Volunteer FAQ

How often should our troop meet?

Frequency of troop meetings is up to the leader(s).  Some troops meet weekly, bi-weekly or once a month.  Meetings can be held after school, in the evenings, or even on the weekends.  Troop meetings usually run about an hour for K-1st grade and an hour and a half for 2-8th grade girls.  Decide what works best for you and your troop.

Where can our troop meet?

There are many community spaces to use for troop meetings.  Some are free and some have minimal costs.  Examples: a local community center, library, churches, registered volunteer’s home, school cafeteria, classrooms, city recreation centers, business meeting rooms and even coffee shops.  You can work directly with any potential meeting location to book the space.  If the location requires you to sign any contract, contact the SU Event Coordinator who can help you get approval from the River Valleys Council.  This is to ensure that your troop and the meeting location are covered under Girl Scout insurance.

 How much does Girl Scouts cost?

The annual registration fee for girls & adults is $15 for each program year (10/1-9/30).  This registration also includes coverage under our umbrella insurance during Girl Scout related activities. A new troop may ask for a one-time “troop dues” to cover meeting supplies, badges, etc.  If you are a leader taking over an existing troop, there may be cookie funds and an existing bank account. Troops have the opportunity in October & January to earn funds for the troop.  (Fall Product Sales, Winter Cookie Sales) Troop leaders open a troop bank account and manage the monies collected through that account and submit an annual finance report. That is also where any money earned is deposited and spent.

What do Girl Scouts do?

In Girl Scouts, we do more than just sell cookies and go to camp.  We are the only Leadership Program for girls in the world.  Did you know that over 70% of professional women were Girl Scouts?  Learn more about our Program Essentials on our website.

What level is my troop?

Girl Scout levels are determined by the current school grade of the girl.  Girls can start as early as Kindergarten or as late as senior in high school.  Girls move to each level regardless of past involvement.

How can I structure my troop to get more parents/adults involved?

Many troops these days create a ‘co-op’ structure to help spread out the responsibilities of leadership.  While you must still have a true ‘main leader’ as the formal contact for the troop, you can divvy out many of the troop responsibilities in many different ways.  Get parents/families involved right away and set a feasible expectation of support.  Troops need leaders, co-leaders, event planners, drivers, snack coordinators, treasurers, Cookie Managers, Fall Product coordinators and everything in-between!  Below is a link to a PDF on the River Valleys website that gives examples of a Co-Op structure.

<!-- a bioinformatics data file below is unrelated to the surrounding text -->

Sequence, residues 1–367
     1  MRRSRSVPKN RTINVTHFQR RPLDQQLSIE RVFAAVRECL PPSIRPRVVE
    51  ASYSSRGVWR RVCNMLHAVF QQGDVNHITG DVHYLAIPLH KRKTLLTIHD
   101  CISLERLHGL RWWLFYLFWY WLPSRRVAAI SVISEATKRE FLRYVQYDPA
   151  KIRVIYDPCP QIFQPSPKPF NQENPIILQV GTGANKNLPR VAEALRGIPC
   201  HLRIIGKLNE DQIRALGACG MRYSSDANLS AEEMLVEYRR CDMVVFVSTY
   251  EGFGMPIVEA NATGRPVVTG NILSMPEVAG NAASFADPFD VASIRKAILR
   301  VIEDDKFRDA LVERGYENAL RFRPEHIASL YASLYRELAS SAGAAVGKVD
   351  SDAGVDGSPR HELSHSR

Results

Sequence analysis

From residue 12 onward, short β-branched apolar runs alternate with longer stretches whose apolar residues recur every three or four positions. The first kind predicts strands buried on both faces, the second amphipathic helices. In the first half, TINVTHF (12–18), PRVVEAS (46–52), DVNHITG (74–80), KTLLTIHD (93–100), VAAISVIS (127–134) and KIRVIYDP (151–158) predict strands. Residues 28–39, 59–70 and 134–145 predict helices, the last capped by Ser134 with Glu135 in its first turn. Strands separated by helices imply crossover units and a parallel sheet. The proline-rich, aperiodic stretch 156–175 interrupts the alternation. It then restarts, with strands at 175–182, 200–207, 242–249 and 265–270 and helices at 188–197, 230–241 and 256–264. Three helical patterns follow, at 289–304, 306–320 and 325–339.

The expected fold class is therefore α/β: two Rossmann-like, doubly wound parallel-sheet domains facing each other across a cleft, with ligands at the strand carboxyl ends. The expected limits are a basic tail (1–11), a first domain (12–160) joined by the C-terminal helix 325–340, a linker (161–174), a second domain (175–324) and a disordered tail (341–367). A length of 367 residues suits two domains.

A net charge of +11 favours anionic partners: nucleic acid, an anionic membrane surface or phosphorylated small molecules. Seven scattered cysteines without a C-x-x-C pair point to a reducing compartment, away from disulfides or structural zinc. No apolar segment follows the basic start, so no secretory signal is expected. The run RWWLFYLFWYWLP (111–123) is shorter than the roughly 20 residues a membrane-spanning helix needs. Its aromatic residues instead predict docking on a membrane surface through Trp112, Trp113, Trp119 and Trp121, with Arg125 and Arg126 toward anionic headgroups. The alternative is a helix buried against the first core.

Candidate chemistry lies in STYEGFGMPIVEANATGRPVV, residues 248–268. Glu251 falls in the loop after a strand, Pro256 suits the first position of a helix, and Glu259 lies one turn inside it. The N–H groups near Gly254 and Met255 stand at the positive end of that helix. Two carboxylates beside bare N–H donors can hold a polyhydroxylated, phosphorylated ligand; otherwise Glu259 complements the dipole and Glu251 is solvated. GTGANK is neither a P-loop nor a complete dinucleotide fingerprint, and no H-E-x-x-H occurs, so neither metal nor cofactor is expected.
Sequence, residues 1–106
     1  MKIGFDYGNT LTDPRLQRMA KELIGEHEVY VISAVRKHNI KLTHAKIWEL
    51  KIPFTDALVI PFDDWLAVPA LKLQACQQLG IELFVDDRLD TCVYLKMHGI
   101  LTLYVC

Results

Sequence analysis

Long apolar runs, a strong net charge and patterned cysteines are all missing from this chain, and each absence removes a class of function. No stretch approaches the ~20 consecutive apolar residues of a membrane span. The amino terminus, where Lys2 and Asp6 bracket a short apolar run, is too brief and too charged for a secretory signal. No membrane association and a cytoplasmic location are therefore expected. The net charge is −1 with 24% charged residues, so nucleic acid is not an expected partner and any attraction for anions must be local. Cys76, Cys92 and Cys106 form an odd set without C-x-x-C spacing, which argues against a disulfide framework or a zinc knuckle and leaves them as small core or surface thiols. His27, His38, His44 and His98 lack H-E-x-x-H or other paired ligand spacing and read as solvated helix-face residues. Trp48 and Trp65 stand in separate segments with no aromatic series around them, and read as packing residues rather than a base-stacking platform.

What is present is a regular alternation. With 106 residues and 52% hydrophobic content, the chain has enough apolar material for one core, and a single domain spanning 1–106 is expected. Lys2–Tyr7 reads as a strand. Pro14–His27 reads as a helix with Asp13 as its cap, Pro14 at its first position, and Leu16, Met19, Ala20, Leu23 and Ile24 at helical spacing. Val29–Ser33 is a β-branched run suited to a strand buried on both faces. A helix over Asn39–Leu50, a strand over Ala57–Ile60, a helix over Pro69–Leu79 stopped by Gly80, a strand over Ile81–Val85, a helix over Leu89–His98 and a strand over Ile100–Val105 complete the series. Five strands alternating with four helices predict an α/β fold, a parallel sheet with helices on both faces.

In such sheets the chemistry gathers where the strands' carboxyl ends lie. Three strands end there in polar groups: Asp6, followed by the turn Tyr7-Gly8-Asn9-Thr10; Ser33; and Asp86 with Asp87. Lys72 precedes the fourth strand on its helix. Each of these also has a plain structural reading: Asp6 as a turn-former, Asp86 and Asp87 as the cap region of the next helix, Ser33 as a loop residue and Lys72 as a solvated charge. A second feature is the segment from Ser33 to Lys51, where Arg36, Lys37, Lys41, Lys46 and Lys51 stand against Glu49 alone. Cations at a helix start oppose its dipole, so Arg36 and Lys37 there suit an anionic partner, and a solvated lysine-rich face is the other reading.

Where can I find resources to help plan badges, meetings, etc?

Girl Scouts offers many activity plans to make it easy to plan and facilitate meetings.  The website and the Girls Guide to Girl Scouting binders both give examples of meeting plans that include a general outline of the opening, middle, and closing of every meeting. Each meeting plan is designed so that the girls earn a petal (Daisy level) or a badge (all other levels) during a meeting. The older the grade level, the longer it may take to earn a badge.  REMEMBER: Meeting plans are meant as a guide and can be modified by the troop leader and require few materials.

I don’t want to be a troop leader.  Are there other ways to volunteer?

YES! Troops and service units need all sorts of help.

 Troop Volunteer Roles

  • Sign up to lead just one meeting
  • Be the co-leader and help share the responsibilities of planning the troop
  • Be the Troop Cookie Manager and handle the cookie program when the time comes
  • Be the Fall Product Manager and handle the activity for the troop
  • Secure meeting space(s)
  • Attend meetings to help out with activities, setup, etc.
  • Create and idea for an outing or activity and offer to lead that activity
  • Manage the paperwork and communications involved with the troop
  • Offer to attend the monthly leader meetings within the Service Unit
  • Coordinate field trips & events
  • Manage the troop finances (treasurer)
  • Create and update a troop website
  • Be the official Troop Photographer and Memory Keeper
  • Lead the charge to create a Troop Flag

Service Unit Roles

  • Service Unit Manager
  • Service Unit Co-Manager
  • Manager Assistant
  • Treasurer
  • Registrar
  • Website Management
  • Resource Coordinator
  • PR/Communications
  • Leader/Volunteer Trainer (Fast Start, Beyond the Troop)
  • Troop Mentor (one needed for every level)
  • Organizer/Recruiter
  • Cookie Manager
  • Fall Product Manager
  • Encampment Director/Day Camp
  • Event Coordinator(s)
  • Faith/Religious Award Coordinator

Just ask your troop leader or service unit team what volunteer needs exist.  We can find the right fit for you!

Content for this page was provided by a River Valleys membership specialist